Vascular endothelial growth factor (VEGF) gene polymorphisms may influence the efficacy of thalidomide in multiple myeloma

Authors


Abstract

Vascular endothelial growth factor (VEGF) is a potent proangiogenic factor. Several single nucleotide polymorphisms (SNPs) in the VEGF gene with influence on VEGF expression have been described. In multiple myeloma, VEGF stimulates angiogenesis which is correlated with disease progression and prognosis. In this study, we evaluated the association between genetic variations in the VEGF gene in patients with multiple myeloma and time to treatment failure (TTF) after high-dose melphalan and stem cell support (HDT), overall survival (OS) and efficacy of the anti-angiogenic drug thalidomide. Retrospectively, the SNPs −2,578C>A (rs699947), −460C>T (rs833061), +405G>C (rs2010963) and +936C>T (rs3025039) in the VEGF gene were examined in 348 patients with newly diagnosed multiple myeloma initially treated with HDT, where 176 patients were treated with thalidomide at relapse. None of the examined geno- or haplotypes was associated with differences in TTF after initial therapy or OS. A possible relation between the haplotype −2,578A/−460C/+405G (ACG) and effect of thalidomide was seen. Patients with no copies of the haplotype ACG had a longer time to next treatment than patients with one or two copies of the haplotype ACG, median 13.7 months vs. 9.2 months, p = 0.007. In conclusion, the haplotype ACG in the VEGF gene may influence the efficacy of thalidomide in multiple myeloma. Further analyses are needed to confirm these findings and get insight into the functional effect of these polymorphisms, so in the future we may be able to select multiple myeloma patients who especially will benefit from treatment with thalidomide.

Vascular endothelial growth factor (VEGF) is a homodimeric glycoprotein with a relative molecular mass of 45 kDa and the only mitogen that specifically acts on endothelial cells. The VEGF gene is located on chromosome 6p21.3 and consists of 8 exons exhibiting alternate splicing to form a family of proteins.1, 2 VEGF expression is modulated by different effectors including cytokines, lipo-polysaccharides, hormones and hypoxia.3–5 In some malignancies, increased VEGF expression resulting in inappropriate VEGF-induced angiogenesis is linked with tumour growth and metastasis.6, 7 In multiple myeloma, an incurable bone marrow cancer, increased angiogenesis is associated with diseased activity and survival.8, 9 Myeloma cell lines and bone marrow plasma cells from multiple myeloma patients express VEGF while VEGF receptors (FLT-1 and KDR/FLK-2) are present on endothelial cell and bone marrow stromal cell membranes. Activation of the VEGF receptors increases the production of various haematopoietic growth factors, i.e., interleukin-6 and thereby stimulates the myeloma cell in a paracrine pathway.10–12

The expression of VEGF in response to different stimuli is highly variable among individuals. Single nucleotide polymorphisms (SNPs) in the VEGF gene may contribute to this variation.4, 13 Some polymorphisms are related to increased VEGF expression (i.e., −2,578C allele and −634C allele) while others are shown to decrease VEGF expression (i.e., +936T allele and −460T allele).14–17 SNPs in the VEGF gene have been examined in different malignancies, both solid tumours and haematological neoplasms. In some malignancies, SNPs in the VEGF gene are associated with prognosis, survival or susceptibility of the disease.18–20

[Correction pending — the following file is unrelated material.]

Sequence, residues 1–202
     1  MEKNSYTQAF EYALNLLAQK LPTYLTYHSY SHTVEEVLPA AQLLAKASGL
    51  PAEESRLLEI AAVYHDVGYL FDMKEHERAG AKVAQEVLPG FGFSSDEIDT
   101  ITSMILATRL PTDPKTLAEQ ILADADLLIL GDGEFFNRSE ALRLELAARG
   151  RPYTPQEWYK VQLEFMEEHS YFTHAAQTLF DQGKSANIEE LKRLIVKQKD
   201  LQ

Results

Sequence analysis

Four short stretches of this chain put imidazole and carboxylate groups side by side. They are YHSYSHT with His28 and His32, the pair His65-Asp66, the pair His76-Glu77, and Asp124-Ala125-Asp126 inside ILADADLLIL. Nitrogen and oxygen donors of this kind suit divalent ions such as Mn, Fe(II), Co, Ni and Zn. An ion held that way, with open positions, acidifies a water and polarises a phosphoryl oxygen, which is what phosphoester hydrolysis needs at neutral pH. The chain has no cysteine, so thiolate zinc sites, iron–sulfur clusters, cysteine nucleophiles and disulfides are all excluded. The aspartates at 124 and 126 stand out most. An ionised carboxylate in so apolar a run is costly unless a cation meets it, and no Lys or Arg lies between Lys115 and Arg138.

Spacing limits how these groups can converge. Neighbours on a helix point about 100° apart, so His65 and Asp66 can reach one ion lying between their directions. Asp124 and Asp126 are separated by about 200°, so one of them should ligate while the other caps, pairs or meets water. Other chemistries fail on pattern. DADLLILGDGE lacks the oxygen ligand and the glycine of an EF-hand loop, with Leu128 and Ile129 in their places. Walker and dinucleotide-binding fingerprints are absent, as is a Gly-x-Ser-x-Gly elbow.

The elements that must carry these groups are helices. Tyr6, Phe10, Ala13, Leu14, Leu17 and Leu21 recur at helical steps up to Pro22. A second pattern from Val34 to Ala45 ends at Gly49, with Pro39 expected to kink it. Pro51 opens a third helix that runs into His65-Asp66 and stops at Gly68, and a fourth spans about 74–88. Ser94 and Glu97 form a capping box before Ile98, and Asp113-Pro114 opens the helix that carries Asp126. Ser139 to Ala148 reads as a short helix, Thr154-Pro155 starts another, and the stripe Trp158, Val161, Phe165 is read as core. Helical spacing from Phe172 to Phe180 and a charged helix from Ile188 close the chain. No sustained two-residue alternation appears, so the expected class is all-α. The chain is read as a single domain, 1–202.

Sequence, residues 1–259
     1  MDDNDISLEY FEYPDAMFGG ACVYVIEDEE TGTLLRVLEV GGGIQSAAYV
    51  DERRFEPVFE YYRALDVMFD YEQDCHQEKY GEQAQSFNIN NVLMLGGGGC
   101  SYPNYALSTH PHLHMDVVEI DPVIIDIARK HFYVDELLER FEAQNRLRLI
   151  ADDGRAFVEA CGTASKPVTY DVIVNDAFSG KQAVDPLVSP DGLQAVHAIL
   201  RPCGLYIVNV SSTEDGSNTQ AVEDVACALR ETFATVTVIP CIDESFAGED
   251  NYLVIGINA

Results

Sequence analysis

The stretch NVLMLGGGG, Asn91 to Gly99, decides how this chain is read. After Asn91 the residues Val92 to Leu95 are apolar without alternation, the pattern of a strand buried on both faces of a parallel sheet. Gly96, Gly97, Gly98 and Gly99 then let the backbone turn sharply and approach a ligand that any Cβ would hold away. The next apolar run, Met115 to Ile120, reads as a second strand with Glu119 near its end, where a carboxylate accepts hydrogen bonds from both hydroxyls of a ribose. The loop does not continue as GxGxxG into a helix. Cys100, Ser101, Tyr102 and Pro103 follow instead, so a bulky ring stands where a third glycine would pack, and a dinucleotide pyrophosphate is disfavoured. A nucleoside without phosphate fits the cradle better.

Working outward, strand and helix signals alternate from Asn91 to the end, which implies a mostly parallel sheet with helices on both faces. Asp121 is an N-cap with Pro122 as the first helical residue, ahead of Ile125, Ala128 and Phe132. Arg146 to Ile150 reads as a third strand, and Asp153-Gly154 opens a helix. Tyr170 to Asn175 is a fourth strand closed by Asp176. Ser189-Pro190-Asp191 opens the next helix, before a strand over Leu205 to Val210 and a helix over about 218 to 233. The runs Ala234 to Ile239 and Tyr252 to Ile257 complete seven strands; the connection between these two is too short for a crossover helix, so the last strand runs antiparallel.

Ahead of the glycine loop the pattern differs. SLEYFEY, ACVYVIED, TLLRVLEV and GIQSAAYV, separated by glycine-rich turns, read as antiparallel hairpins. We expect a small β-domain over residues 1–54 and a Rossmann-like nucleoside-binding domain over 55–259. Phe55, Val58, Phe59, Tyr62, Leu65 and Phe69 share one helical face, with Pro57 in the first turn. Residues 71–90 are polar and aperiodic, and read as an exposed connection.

In multiple myeloma, high-dose melphalan and stem cell support (HDT) is the standard treatment of newly diagnosed patients under the age of 65 years. Though HDT is a more effective treatment than conventional chemotherapy concerning time to progression and overall survival (OS), some patients still have a poor prognosis with early relapse after HDT and short survival.21 Thalidomide is a well known anti-angiogenic and immunomodulatory drug and is included in relapse treatment and more recently primary treatment in elderly patients with multiple myeloma.22 Patients responding to thalidomide have decreasing plasma levels of VEGF and bone marrow micro vessel density, an estimate of bone marrow angiogenesis.23, 24 Unfortunately, thalidomide has several side effects as constipation, neuropathy, somnolence and venous thromboembolism and response is variable.25

In multiple myeloma, VEGF-induced angiogenesis seems to be important for disease activity, survival and effect of thalidomide treatment. The purpose of this study was to examine the potential association between different SNPs in the VEGF gene and time to treatment failure (TTF) and OS in newly diagnosed multiple myeloma patients treated with HDT. Furthermore, to evaluate whether SNPs in the VEGF gene influence the efficacy of thalidomide used as relapse treatment.

Material and Methods

Patient's clinical data, response criteria, eligibility criteria and treatment have previously been described.26 Briefly, patients diagnosed with multiple myeloma and treated with HDT from August 1994 to August 2004 were recruited from four participating hospitals in Denmark. A total of 348 patients were included in the study. Of these, 185 patients were included in the high-dose treatment protocols implemented by the Nordic Myeloma Study Group (NMSG no. 5/94, 7/98 and 11/00),21, 27, 28 whereas the remaining 163 patients were treated with similar treatment regimens off protocol.